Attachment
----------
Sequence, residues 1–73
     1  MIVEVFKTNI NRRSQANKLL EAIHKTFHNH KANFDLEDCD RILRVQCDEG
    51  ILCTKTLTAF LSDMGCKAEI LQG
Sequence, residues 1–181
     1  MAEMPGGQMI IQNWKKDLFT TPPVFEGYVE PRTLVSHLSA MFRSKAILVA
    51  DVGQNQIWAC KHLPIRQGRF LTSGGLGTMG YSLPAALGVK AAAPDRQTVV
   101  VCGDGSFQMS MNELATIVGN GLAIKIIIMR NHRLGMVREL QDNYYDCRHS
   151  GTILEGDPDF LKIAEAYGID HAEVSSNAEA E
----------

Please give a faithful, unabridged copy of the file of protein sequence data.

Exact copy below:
Sequence, residues 1–73
     1  MIVEVFKTNI NRRSQANKLL EAIHKTFHNH KANFDLEDCD RILRVQCDEG
    51  ILCTKTLTAF LSDMGCKAEI LQG
Sequence, residues 1–181
     1  MAEMPGGQMI IQNWKKDLFT TPPVFEGYVE PRTLVSHLSA MFRSKAILVA
    51  DVGQNQIWAC KHLPIRQGRF LTSGGLGTMG YSLPAALGVK AAAPDRQTVV
   101  VCGDGSFQMS MNELATIVGN GLAIKIIIMR NHRLGMVREL QDNYYDCRHS
   151  GTILEGDPDF LKIAEAYGID HAEVSSNAEA E